The Ambiguousness of Forgiveness
Forgiveness is assumed to be the bedrock of reconciliation. One historical example that comes to mind is the pastoral letter sent by Polish Catholic bishops to their German counterparts, with its breathtaking line “We forgive and we ask for forgiveness.” Yet no similar gesture was made in post-WWII relations between Germany and France, and that reconciliation is no less deep. Consider another case: calls for forgiveness abound in the still bumpy relationships between Jews and various Christian European nations, though Jewish moral law does not permit Jews to forgive in the name of others, the dead in particular. Are the parties doomed to remain at an impasse? And, finally, what about the matter of free choice? Forgiveness must be freely chosen, as demonstrated by the failures of enforced forgiveness (the official doctrine of post-genocide Rwanda) and the obstinate refusal to acknowledge there is something to ask forgiveness for (the official doctrine of post-genocide Turkey). But what happens when the victims themselves refuse to forgive?
Konstanty Gebert was born in Warsaw in 1953. International reporter and columnist at Gazeta Wyborcza, Poland’s biggest daily, democratic opposition activist in the seventies, and underground journalist (pen name: Dawid Warszawski) in the eighties. He has covered the Polish Round Table negotiations in 1989, the wars in Bosnia, the Middle East, and the aftermath of the genocide in Rwanda for his newspaper, and is a frequent contributor to other Polish and international media. Among other initiatives, Konstanty Gebert co-founded the Polish Council of Christians and Jews and the Media Development Loan Fund, an international financial organization which supports free media worldwide. He is also the founder of the Polish Jewish intellectual monthly Midrasz, and a board member of the Taube Centre for Jewish Cultural Renewal. Among his ten books, in Polish, are works on Poland’s round table negotiations of 1989, the Yugoslav wars, and Israeli history, as well as commentaries on the Torah and a panorama of the European 20th century. He has taught at, among other institutions, the University of California (Santa Cruz and Berkeley), Grinnell College, and Hebrew University. His essays have appeared in two dozen collective works in Poland, Japan, the U.S., U.K., Italy, France, and Belgium.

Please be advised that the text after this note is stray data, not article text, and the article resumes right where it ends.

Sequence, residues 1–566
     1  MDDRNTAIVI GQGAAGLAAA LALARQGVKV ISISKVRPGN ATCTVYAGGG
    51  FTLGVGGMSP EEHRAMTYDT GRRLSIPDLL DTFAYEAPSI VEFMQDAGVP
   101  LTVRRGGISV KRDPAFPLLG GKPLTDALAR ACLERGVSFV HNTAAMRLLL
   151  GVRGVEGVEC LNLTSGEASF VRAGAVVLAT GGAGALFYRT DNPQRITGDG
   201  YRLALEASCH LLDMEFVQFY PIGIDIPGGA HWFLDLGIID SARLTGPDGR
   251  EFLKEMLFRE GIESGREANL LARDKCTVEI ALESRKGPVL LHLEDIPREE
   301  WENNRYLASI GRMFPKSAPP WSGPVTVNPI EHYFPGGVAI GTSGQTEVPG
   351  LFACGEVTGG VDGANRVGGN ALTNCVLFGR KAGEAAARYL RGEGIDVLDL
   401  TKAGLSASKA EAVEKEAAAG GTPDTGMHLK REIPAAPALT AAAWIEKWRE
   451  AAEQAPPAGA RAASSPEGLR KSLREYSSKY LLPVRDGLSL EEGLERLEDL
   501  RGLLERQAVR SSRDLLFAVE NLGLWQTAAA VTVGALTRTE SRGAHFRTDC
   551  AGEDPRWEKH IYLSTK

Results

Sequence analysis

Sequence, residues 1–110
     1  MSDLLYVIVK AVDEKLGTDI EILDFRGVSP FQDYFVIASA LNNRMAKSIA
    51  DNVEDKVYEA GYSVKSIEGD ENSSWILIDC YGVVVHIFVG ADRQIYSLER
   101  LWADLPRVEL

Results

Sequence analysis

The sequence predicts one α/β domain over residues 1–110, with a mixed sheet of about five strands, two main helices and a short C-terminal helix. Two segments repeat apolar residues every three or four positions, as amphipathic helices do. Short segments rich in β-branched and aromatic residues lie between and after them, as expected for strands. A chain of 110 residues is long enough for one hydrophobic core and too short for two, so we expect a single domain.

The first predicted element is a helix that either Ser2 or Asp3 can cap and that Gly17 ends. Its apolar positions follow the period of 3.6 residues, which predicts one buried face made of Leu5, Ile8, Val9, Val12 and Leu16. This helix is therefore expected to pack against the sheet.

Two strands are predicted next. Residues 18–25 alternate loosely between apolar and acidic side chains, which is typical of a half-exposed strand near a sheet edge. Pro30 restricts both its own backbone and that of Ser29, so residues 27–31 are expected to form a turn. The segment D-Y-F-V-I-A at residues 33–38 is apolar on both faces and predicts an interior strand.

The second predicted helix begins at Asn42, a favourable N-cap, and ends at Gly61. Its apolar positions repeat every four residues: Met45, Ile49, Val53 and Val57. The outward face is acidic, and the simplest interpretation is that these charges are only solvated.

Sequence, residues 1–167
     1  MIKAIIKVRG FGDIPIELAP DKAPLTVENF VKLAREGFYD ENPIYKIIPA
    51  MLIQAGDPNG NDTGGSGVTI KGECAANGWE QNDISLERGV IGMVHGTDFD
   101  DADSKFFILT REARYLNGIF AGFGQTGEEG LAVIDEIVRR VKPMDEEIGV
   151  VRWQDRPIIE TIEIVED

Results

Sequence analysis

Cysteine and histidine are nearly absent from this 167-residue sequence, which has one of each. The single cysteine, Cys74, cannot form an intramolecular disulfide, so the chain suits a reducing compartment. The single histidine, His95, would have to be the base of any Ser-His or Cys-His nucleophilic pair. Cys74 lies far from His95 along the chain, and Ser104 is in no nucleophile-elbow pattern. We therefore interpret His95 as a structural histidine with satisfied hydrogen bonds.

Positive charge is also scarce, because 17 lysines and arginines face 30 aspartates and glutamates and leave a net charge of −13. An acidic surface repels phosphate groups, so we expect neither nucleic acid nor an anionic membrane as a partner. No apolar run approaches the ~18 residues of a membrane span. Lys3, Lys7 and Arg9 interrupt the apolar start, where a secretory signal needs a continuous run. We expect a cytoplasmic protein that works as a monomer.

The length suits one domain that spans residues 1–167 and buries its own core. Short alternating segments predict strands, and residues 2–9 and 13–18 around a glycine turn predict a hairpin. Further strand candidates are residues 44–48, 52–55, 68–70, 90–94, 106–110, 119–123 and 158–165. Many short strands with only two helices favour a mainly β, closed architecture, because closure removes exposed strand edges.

Claudia Weber studied political science, history, and Slavic languages and literatures at Leipzig University, Athens University (Ohio), Kliment Ochridski University in Sofia, and at the Pushkin Institute in Moscow. Her PhD dissertation (Leipzig 2003) is on Balkan history and nationalism in the 19th and 20th centuries. She has taught East European history at Leipzig University and the University of Basel, and is currently a member of the research unit on the history and theory of violence at the Hamburg Institute for Social Research. She is the author of Auf der Suche nach der Nation. Erinnerungskultur in Bulgarien 1878-1944 (Lit-Verlag 2006) and has published a number of articles on war memory in the Balkans as well as on violence and Stalinism. Claudia Weber is currently writing a book on ideology and the communication of the Katyń Forest Massacre and Stalinist terror in Europe during the Cold War.